20/25 Army co-operation aeroplane – Bristol Fighter/DH.9A replacement Armstrong Whitworth Atlas, Bristol Boarhound
23/25 Two-seat day-bomber, reconnaissance & coastal torpedo-bomber Blackburn Beagle, Gloster Goring, Handley Page H.P.34 Hare, Hawker Harrier, Westland Witch
24/25 High altitude bomber – Hawker Horsley replacement Blackburn Beagle, Handley Page H.P.34 Hare, Vickers Vildebeest
7/26 Twin-float high-speed monoplane seaplane for 1927 Schneider Trophy competition Short Crusader
F.9/26 None Day and night 'zone' fighter – no design accepted and Spec. superseded by F.20/27 (q.v.) Armstrong Whitworth Starling II, Blackburn Blackcock / Turcock, Boulton Paul Partridge, Bristol Bulldog Mk.I, Bristol Bullpup, Gloster Goldfinch, Gloster SS.18, Hawker Hawfinch, Vickers Type 141
10/26 Long-range bomber – Virginia production order Vickers Virginia
12/26 Fast two-seat day bomber of all-metal construction using Rolls-Royce F.XIB engine Avro Antelope, Hawker Hart, Fairey Fox IIM
14/26 Passenger flying boat Short Calcutta
21/26 Naval Fleet fighter – see also N.21/26 Parnall Pipit, Vickers Type 141, Vickers Type 177
N.21/26 Naval Fleet fighter – see also 21/26 Armstrong Whitworth Starling II, Armstrong Whitworth A.W.16, Blackburn Blackcock/Turcock, Fairey Firefly III, Gloster Gnatsnapper, Hawker Hoopoe, Vickers Type 177
O.22/26 Naval high-speed, two-seat, Fleet fighter/reconnaissance Blackburn Nautilus, Fairey Fleetwing, Handley Page H.P.37F, Hawker Osprey, Short Gurnard
R.4/27 Maritime patrol flying boat Saunders Severn
R.5/27 Reconnaissance flying boat Blackburn Sydney
8/27 Long-range bomber – Virginia production order Vickers Virginia
F.10/27 Single-seat fighter armed with six machine guns Saunders A.10
B.19/27 Twin engine night-bomber – Virginia/Hinaidi replacement – Hendon winner but introduction delayed so runner-up (Heyford) accepted Avro 557 Ava, Fairey Hendon, Handley Page Heyford, Vickers Type 150, Vickers Type 163, Vickers Type 195, Vickers Type 225, Bristol Type 108
C.20/27 Transport version of Handley Page Hyderabad / Handley Page Hinaidi – Chitral/Clive Handley Page Clive
F.20/27 'Interception single-seat fighter' to overtake in shortest time an enemy aircraft flying at 150 mph at 20,000 ft[34] Armstrong Whitworth Starling II, Bristol Bulldog Mk.II, de Havilland DH.77, Fairey Firefly II, Hawker Fury, Saunders A.10, Vickers Jockey, Westland Interceptor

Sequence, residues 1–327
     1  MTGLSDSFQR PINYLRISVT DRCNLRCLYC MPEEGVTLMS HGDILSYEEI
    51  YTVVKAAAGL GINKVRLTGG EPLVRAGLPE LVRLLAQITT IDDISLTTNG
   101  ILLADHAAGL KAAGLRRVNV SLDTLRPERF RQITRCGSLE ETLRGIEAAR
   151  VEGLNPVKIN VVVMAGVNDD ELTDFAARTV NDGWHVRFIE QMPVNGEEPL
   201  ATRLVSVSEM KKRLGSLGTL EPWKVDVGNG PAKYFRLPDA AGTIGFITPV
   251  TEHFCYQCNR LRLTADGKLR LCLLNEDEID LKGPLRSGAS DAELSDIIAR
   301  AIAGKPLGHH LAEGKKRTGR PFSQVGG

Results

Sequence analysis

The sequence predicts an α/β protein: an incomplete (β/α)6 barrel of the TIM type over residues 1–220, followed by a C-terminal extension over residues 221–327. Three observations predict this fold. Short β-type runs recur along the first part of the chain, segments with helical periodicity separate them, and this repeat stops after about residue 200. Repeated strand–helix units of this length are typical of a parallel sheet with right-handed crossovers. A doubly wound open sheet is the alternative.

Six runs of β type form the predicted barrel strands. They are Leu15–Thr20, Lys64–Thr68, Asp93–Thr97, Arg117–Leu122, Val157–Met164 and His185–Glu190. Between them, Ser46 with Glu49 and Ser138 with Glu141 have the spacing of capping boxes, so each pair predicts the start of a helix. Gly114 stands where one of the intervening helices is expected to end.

B.22/27 Three engine night-bomber – abandoned due to delays and replaced by B.19/27 (q.v.) Boulton Paul P.32, de Havilland DH.72 Canberra
25/27 Twin engine medium day-bomber – Sidestrand II production order – see also 9/24 Boulton Paul Sidestrand II
26/27 General purpose aircraft – D.H.9A replacement Bristol Beaver, de Havilland Hound, Fairey Ferret, Gloster Goral, Vickers 131 Valiant, Vickers Venture, Vickers Vixen, Westland Wapiti
F.29/27[35] Fighter utilizing a 37 mm cannon from Coventry Ordnance Works to meet similar requirements as F.20/27[36] Vickers Type 161, Westland C.O.W. Gun Fighter, Bristol Type 112
33/27 'Postal Aircraft' – experimental very-long range aeroplane for world distance-record attempt Fairey Long-range Monoplane
M.5/28 Torpedo bomber – Spec superseded by M.1/30 (q.v.) Handley Page H.P.41
R.6/28 Patrol/reconnaissance flying boat Short Sarafand
8/28 Racing seaplane for 1929 Schneider Trophy using Rolls-Royce R engine, for use by RAF High Speed Flight Supermarine S.6
13/28 Long-range bomber – Virginia production order Vickers Virginia
C.16/28 Bomber-transport capable of carrying 30 fully armed troops, or their equivalent in cargo or bombs, for a distance of 1,200 mi (1,900 km) nonstop Gloster TC.33, Handley Page H.P.43, Vickers Type 163, Bristol Type 115, Bristol Type 116
F.17/28 Bulldog II production order Bristol Bulldog Mk.II
21/28 High-speed mailplane for Imperial Airways Boulton & Paul Mailplane, Boulton Paul P.71A
1/29 General purpose aircraft (for production) Westland Wapiti